Emma Nyhan is in the final stages of her PhD in the Department of Law. Originally from Ireland, she spent some time working in civil society in Israel and Europe before beginning her PhD at the European University Institute in 2012. Her doctoral topic examines how the concept and category of ‘indigenous peoples’ in international law becomes active and effective in domestic settings.
Emma Nyhan is an unconventional legal scholar in many ways. Although her research comes under the banner of international law, Nyhan’s socio-legal agenda, which even wanders into legal anthropology, differs from the norm. ‘Within the law department, my project is quite unique,’ Nyhan told EUI Times. ‘The problem with international human rights is that we know it is active but we don’t know if it is effective,’ she explained. ‘I don’t limit my research to court decisions or UN documents, but try to get as close as possible to where law is at work. I am trying to see where internationally-created rights are, and where they are not,’ she said. ‘But I also want to highlight the things people don’t see.’
In Israel, international observers rarely see the Bedouin. There are 1.8 million Arabs within the state of Israel – approximately 20% of the country’s total population. Of these 1.8 million people, some 200 000 are Bedouin. They have a different culture, but a shared history with the rest of the Arab minority in Israel. ‘Do they want to stay on the land? Yes. Do they want trouble with the state of Israel? No,’ Nyhan emphasised. ‘They are often treated as outliers even within their own minority,’ she said.
After living and working in Haifa for three years, Nyhan noticed that the Bedouin inside the state of Israel were identified at UN and local levels as ‘indigenous,’ but the state itself granted them the status of a ‘minority.’ Since the international definition could have a real legal effect on the lives of the Bedouin community, Nyhan objected that this distinction continued unchallenged. ‘Why do we use minority rights for the big group, and indigenous peoples’ rights for the small group?’ she wondered.
In Israel, the question of indigeneity is an immensely sensitive issue. ‘Indigenous rights are a very volatile set of rights,’ Nyhan explained. ‘For example, under the criteria set down in international law, if you are indigenous, it usually means that invasion or colonialism has taken place. So if the Bedouin are indigenous, then who is the invader or colonialist?’ The answer to this empirical question is debatable and largely depends on your view of 1948, which some call a war of independence and others call a catastrophe.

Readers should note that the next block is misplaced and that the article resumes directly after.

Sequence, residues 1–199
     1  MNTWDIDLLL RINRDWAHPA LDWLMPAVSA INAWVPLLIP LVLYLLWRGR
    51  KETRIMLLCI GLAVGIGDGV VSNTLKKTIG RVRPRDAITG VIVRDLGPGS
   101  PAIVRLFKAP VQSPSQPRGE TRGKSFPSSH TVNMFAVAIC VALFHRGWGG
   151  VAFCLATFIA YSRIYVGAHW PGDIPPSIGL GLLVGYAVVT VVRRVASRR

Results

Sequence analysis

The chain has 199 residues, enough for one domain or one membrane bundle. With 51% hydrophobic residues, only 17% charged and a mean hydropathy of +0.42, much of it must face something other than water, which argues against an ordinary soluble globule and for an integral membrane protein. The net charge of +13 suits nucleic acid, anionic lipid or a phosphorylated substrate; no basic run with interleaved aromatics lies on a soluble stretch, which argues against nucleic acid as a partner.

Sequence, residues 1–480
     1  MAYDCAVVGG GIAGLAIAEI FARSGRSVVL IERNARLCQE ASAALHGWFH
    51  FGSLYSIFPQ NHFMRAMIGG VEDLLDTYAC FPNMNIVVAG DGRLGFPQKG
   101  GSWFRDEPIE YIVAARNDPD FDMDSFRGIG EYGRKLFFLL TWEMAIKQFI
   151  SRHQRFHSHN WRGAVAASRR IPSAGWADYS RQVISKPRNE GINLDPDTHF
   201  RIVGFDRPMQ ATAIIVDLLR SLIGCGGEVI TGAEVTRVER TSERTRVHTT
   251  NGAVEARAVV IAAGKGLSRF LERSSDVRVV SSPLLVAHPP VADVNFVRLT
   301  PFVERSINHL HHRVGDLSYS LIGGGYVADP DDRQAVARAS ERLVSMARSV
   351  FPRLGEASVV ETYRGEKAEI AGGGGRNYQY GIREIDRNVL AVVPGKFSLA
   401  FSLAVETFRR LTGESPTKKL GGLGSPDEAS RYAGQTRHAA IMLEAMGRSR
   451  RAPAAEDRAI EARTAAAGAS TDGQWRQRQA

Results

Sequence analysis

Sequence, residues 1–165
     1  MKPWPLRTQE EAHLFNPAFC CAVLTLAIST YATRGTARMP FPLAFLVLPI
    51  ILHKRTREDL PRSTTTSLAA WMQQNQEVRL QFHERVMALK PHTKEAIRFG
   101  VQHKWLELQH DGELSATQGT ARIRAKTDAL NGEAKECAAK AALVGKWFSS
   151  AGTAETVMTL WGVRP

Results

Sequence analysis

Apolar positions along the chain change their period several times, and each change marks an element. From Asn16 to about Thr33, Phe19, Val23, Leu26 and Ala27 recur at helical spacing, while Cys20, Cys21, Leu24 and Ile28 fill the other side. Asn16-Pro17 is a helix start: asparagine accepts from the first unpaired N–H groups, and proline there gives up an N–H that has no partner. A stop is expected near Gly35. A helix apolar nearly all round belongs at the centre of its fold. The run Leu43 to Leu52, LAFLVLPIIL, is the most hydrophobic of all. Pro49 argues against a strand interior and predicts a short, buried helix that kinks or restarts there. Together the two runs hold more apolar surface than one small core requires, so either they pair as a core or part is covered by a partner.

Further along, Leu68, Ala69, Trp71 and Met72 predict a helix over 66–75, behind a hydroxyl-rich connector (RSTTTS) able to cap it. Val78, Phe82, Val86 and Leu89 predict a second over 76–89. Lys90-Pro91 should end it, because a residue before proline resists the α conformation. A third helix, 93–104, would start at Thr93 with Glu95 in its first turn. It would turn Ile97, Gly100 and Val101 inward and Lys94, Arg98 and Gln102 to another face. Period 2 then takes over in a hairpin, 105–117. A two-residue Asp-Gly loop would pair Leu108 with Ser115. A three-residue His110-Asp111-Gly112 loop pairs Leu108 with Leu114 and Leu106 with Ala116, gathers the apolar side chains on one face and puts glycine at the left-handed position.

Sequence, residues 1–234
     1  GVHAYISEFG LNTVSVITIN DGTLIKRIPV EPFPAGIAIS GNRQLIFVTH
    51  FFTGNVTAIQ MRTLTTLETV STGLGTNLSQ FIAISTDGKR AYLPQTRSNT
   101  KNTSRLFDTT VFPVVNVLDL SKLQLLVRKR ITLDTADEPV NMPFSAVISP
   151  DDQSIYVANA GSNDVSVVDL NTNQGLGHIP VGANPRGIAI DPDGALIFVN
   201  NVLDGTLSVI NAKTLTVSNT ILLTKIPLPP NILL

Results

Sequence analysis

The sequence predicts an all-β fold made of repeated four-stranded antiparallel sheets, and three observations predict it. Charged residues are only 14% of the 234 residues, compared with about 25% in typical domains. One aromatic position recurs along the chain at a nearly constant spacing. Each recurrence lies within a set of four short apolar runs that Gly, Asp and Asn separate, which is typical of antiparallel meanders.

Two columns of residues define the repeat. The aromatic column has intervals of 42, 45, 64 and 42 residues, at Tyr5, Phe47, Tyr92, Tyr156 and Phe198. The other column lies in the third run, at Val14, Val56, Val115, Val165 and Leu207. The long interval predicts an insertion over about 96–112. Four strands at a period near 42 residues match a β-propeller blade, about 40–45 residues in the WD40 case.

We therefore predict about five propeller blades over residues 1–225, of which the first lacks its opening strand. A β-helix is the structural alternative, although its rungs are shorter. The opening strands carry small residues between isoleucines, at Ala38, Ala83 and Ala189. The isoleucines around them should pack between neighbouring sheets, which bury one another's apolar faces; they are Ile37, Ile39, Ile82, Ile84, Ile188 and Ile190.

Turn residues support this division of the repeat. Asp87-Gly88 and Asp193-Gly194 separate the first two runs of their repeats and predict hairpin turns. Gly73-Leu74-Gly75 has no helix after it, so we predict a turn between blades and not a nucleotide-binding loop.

Yet part of the reason for Nyhan’s own ‘outsider’ status, the reason Nyhan sees herself ‘falling through the cracks’ of both academic disciplines and the NGO world, is that she chooses not to make a normative judgement about whether the ‘indigenous’ status and rights should be applied to the Bedouin. Yet although NGOs and the UN use the term, ‘it seems to be quite a foreign word,’ for the group itself, said Nyhan. ‘They do say things such as ‘I have an attachment to the land’, one of the criteria for the indigenous identification, but the majority do not know the word exists,’ she said.
By getting to know the Bedouin, Nyhan is ‘trying to add their voice’ to the legal and academic conversations which define their status and rights in international law. ‘When people look at Israel and Palestine they tend to see the big conflict,’ she explained. ‘My thesis will tell a different side to a story that is only ever seen as conflict, in black and white, with us or against us,’ she said. ‘I really am trying not to be political, but just to put these polarised positions in perspective, and shine the light elsewhere.’